Can Breastfeeding Make You Sick? Here's What Nursing Moms Should Know
While there's certainly more than one way to feed your child, there are some unique benefits to breastfeeding. From a specific type of shared closeness, the ability to feed on demand, to the ability to have your baby's food "built in" and made specifically for their nutritional needs, nursing is often a positive choice for many moms. That doesn't mean it's all sunshine and rainbows, though. So, can breastfeeding make you sick? Especially when you're postpartum and recovering from childbirth, it's important to know what you may or may not be getting your body into.
Kelly Bonyata, BS and International Board Certified Lactation Consultant, tells KellyMom that there's a small percentage of breastfeeding moms who experience consistent nausea in those first weeks after the baby is born. It's a response to the release of oxytocin during the milk let-down period. The nausea is similar to what's experienced during pregnancy and, as a result, may come and go in waves. Dr. Ruth Lawrence, author of Breastfeeding: A Guide for the Medical Professional, tells KellyMom that the physical side-effects of breastfeeding are close to what you'd experience with low blood sugar, and include nausea, headache, and intense hunger. That nausea, however, will probably go away by postpartum week eight — unless something else is causing it.
Another possible reason a mom might experience nausea while breastfeeding could have to do with food and water intake. BreastfeedingProblems.com suggests nursing moms make sure they're taking in enough calories to fulfill both their baby's nutritional needs, as well as their own. If your body doesn't have enough calories to both make breast milk and meet your own needs, it becomes deficient and, as a result, you feel sick. The same goes with water. Without sufficient water intake (about three glasses before a feeding), you can easily become dehydrated. Other causes of nausea could be hormonal shifts as your body recovers from childbirth, your baby's growth spurt (which makes them drink more milk and depletes you faster), an infection, or, if you lost a lot of blood during delivery, iron deficiency. If you're feeling especially tired after having a new baby and breastfeeding, you could be more prone to illness when you're postpartum.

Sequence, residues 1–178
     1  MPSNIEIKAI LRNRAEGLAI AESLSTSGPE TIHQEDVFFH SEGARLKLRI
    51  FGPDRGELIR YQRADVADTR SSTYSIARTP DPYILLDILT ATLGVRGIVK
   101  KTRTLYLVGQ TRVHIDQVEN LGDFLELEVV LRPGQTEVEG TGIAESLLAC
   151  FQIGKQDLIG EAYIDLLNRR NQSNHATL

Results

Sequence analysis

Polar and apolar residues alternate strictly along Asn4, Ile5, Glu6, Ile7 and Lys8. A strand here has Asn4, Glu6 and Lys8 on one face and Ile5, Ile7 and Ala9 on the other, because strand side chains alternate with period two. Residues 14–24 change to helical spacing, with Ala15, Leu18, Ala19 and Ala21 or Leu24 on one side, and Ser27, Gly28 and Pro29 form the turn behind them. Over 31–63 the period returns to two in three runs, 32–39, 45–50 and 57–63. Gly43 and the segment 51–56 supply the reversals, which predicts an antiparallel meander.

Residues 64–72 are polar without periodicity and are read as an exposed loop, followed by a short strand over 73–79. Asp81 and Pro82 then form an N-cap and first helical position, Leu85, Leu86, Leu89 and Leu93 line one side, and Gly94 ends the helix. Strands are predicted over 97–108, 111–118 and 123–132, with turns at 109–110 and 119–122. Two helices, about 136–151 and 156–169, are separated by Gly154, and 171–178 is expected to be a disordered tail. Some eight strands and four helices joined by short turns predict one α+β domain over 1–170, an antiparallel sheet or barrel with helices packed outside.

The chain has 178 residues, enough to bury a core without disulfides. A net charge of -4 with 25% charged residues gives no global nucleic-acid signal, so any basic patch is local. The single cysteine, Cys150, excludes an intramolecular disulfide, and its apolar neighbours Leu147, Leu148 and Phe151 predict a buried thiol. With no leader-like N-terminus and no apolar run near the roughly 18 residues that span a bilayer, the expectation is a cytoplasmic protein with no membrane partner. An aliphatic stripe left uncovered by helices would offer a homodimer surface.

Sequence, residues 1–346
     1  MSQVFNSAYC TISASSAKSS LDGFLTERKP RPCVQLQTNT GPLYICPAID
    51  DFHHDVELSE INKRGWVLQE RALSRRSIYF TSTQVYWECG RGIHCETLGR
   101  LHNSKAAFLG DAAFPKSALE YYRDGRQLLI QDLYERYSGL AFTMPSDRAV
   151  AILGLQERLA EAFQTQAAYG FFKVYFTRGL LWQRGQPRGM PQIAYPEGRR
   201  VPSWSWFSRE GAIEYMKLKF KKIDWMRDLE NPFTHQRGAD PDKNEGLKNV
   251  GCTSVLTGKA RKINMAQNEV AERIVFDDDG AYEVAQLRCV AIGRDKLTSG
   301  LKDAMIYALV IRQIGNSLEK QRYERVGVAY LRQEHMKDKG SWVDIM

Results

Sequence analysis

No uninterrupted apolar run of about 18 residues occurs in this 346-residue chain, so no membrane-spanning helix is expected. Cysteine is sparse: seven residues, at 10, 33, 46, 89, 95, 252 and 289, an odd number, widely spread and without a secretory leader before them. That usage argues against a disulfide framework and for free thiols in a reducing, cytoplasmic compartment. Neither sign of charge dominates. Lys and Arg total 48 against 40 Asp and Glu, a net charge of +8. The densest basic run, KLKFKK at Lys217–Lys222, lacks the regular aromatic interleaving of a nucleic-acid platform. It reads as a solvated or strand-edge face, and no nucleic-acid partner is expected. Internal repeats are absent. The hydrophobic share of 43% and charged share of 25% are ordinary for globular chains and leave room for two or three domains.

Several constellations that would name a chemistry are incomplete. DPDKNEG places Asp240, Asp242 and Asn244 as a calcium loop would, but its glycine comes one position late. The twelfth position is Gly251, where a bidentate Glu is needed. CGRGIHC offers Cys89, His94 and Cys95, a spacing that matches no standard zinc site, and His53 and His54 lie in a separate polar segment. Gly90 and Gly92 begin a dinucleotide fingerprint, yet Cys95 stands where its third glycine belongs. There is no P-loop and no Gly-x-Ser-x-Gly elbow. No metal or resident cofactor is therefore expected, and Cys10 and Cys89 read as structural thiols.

Another possible reason for sickness could be hormonal and related to the actual release of milk. Renee Beebe, M.Ed., IBCLC, Lactation Consultant and postpartum doula, tells Second9Months.com that sickness can happen when the hormones dramatically rise and fall during the milk ejection reflex (MER) happens. It's a psychological response to milk release and has no bearing on something you may or may not have done. In fact, even if you're in good spirits and feeling well beforehand, the milk release can trigger this response, like a reflex. Usually the feeling goes away after the MER finishes and gradually diminishes through the course of breastfeeding. Bebee suggests breastfeeding moms practice breathing exercises and/or alternate coping mechanisms to help manage this uncomfortable physical response. And, as always, you can (and should) consult your doctor if symptoms persist.
Finally, if everything else has been ruled out and you notice engorgement in the breasts, you could have mastitis — an infection caused by bacteria facilitated by the combination of you sore, cracked nipples and your baby's saliva. It can make breastfeeding a miserable experience, to say the least. Symptoms, aside from painful, enlarged breasts, might be fatigue, fever and chills, nausea, vomiting, dizziness, and fainting or confusion. If these symptoms are accompanied by pus, redness, or swelling, you should seek immediate medical treatment.
No matter your symptoms, every woman's particular experience with breastfeeding and how it impacts their individuals bodies will vary. As as result, when you're postpartum it's important that you check in with yourself often, and repot anything unusual to your doctor. There's nothing wrong with asking questions and seeking support so you can meet your breastfeeding goals (and without feeling like sh*t).
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